Treasure Hunting Empty Houses

Do you ever wander by an empty house for sale or rent and wonder what kinds of treasures it may hold? You might be surprised.

Once, I had my secrets about houses, but now that I’m a homeowner and won’t be house-hopping anymore, I’ll share them with you. People lose the strangest things in the weirdest places. Okay, so some places are not so strange, but the things sure can be. Here’s a list of things I place value on and where I’ve found them, and a list of places I check, just in case. Unfortunately, some of these are also “hiding places,” so be cautious, especially in former rentals.

Between cabinets and the wall

I once found a vintage metal Pac-Man TV tray in amazing condition between cabinets and the wall. On E-bay, I’ve learned people will pay $27 for one, but I’m a big fan of things made of metal and of Pac-Man, so I’ve used it to adorn my son’s room.

Drain Traps

The most interesting thing I’ve found here is a hair pin. It was the size of a chopstick and has a pretty engraved turtle on it, but the coolest thing is that it is made of sterling silver, not just a plating!

Under decks

The spaces between the boards in a deck can quickly make items dropped disappear when you’re out having a grill party. In two houses, I found nearly thirty bucks under decks, in change and bills.

In central air heating vents

I have found a number of marbles in these, but I’m not exactly sure how they get through the slots. I’ve also reconned a size seven crochet hook from an air-intake once.

Behind the toilet

I always check here, but I’ve only ever found a sand-art corked vial. It was pretty and all, but not very valuable.

Top shelves

This one may seem obvious, but I found a whole camping cookware set, a thermos, and some potpourri from these out-of-sight places.

In the crawl space

If there’s no basement, many places have a space just big enough for under-house servicing. My discovery here is a collection of terra-cotta pots, placed under the porch before it was enclosed, the “five-to-eight-dollars at the superstore” sizes. And a rubber bouncy-ball that my kids have taken to.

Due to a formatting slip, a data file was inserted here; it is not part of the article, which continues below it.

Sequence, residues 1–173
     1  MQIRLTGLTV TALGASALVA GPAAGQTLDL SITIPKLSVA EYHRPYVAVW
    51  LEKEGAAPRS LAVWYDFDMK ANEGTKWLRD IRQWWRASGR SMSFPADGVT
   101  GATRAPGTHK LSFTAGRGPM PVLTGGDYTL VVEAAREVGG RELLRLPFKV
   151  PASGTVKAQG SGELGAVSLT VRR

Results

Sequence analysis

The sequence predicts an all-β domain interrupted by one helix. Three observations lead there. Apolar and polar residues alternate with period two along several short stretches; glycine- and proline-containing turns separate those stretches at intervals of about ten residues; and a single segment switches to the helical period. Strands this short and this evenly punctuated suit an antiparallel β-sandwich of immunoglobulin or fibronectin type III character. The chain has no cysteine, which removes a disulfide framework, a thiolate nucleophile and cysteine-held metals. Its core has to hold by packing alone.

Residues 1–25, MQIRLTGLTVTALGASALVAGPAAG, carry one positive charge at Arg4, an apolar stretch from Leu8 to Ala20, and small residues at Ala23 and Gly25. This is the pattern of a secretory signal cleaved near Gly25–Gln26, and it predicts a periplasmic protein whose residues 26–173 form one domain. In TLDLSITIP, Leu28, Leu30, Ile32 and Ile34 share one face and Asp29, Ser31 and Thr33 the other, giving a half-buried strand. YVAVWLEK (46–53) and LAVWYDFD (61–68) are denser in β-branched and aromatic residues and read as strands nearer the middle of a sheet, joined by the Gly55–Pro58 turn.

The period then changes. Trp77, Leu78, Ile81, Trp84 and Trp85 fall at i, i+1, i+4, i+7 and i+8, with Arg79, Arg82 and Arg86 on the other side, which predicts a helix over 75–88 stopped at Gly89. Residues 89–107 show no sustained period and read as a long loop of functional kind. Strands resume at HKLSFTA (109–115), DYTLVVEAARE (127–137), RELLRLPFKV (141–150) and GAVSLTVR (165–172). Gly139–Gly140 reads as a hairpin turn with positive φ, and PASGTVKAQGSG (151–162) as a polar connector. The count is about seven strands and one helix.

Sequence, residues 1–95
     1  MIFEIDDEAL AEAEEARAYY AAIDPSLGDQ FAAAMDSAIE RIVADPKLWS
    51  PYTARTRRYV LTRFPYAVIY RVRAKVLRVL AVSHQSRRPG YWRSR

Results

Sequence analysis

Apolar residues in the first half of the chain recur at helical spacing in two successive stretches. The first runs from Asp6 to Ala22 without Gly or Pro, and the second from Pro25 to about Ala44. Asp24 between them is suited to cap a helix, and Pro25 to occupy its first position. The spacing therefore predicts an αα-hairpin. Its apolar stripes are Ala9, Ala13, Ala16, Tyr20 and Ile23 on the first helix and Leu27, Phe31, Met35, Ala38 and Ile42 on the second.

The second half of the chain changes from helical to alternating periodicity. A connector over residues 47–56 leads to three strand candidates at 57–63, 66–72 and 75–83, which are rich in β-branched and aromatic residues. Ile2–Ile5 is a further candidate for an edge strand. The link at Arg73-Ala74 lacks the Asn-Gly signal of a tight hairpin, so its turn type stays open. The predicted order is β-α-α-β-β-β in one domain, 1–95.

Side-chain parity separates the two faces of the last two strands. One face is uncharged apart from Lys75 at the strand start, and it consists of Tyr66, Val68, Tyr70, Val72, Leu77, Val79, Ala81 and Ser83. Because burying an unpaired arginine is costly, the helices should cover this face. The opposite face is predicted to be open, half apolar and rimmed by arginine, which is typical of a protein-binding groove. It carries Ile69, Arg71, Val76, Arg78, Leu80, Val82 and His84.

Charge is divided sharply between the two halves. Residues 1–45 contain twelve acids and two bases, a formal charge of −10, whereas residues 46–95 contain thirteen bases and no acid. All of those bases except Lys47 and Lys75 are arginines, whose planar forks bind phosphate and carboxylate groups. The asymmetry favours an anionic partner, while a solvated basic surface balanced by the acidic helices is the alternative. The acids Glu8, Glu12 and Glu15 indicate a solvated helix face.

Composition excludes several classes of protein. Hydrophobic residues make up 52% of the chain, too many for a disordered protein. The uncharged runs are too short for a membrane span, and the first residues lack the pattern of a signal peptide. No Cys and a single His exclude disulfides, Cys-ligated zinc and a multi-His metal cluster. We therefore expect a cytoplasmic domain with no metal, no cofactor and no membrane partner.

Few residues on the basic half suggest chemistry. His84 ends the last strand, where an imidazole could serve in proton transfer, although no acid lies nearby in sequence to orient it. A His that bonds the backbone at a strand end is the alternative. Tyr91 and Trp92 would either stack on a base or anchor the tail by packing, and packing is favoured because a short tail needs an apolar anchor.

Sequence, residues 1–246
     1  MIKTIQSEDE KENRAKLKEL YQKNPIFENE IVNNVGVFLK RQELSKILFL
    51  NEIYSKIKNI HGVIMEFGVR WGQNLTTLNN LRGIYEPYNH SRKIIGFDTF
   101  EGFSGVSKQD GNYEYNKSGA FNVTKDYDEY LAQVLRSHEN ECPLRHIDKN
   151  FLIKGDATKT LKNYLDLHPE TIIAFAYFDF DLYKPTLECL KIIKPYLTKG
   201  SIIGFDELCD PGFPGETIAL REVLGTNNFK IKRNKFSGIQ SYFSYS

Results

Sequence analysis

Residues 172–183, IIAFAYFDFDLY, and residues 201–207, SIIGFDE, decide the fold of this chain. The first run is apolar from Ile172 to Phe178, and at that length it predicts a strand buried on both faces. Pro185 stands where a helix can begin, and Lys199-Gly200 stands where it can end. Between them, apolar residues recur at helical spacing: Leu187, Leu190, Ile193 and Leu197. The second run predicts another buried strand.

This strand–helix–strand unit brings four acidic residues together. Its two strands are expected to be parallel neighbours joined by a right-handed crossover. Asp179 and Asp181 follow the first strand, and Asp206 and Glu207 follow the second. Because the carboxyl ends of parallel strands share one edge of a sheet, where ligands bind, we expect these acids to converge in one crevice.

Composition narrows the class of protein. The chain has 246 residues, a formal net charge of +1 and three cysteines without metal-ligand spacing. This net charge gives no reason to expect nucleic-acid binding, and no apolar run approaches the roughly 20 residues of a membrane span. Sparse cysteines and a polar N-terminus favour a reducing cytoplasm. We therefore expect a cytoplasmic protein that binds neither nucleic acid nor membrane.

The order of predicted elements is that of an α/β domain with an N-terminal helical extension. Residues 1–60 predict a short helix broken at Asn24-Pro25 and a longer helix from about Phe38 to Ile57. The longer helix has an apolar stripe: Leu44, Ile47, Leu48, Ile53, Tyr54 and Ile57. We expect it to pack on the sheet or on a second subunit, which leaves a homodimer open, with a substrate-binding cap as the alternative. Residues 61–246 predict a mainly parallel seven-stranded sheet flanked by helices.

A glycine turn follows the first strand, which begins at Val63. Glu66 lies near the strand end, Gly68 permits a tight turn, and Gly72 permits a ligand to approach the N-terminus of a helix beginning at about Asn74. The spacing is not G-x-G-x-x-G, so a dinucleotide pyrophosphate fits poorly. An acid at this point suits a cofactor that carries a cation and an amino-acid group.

The attic

I only once had an attic to explore, and there wasn’t anything up there of value. I do know, however, that service people (like the cable guy) tend to leave things like flashlights, screwdrivers, and maybe a pocket knife behind on accident.

The Basement

Unlike a crawl space, a basement is more frequently used, and more frequently cleared out during a move. However, sometimes a roll of wrapping paper or something else as common gets left behind.

Under stair wells

I haven’t found anything here, but when I was a kid, I moved out of a house and left fifteen new books in a nice little access door at the back of a closet under my stairs. Maybe you’ll find them.

Garage attics

This is where the men stash things, like a stuffed and mounted trophy fish.

The garage

In plain sight! I suppose the last owner moved somewhere where he didn’t need his lawn mower.

I’d list places like behind and beneath appliances, but most people think to scavenge those places before they leave. I’ve never found anything behind or beneath my stove, washing machines, or refrigerator. But you can check there anyway. Happy Treasure Hunting!

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12 Responses to Treasure Hunting Empty Houses

  1. yeah.. you can always find something cool, like my buddy just recently bought a place to renovate and flip – and in the attic he discovered coins that date back to the 1800’s… pretty sweet

  2. Joey says: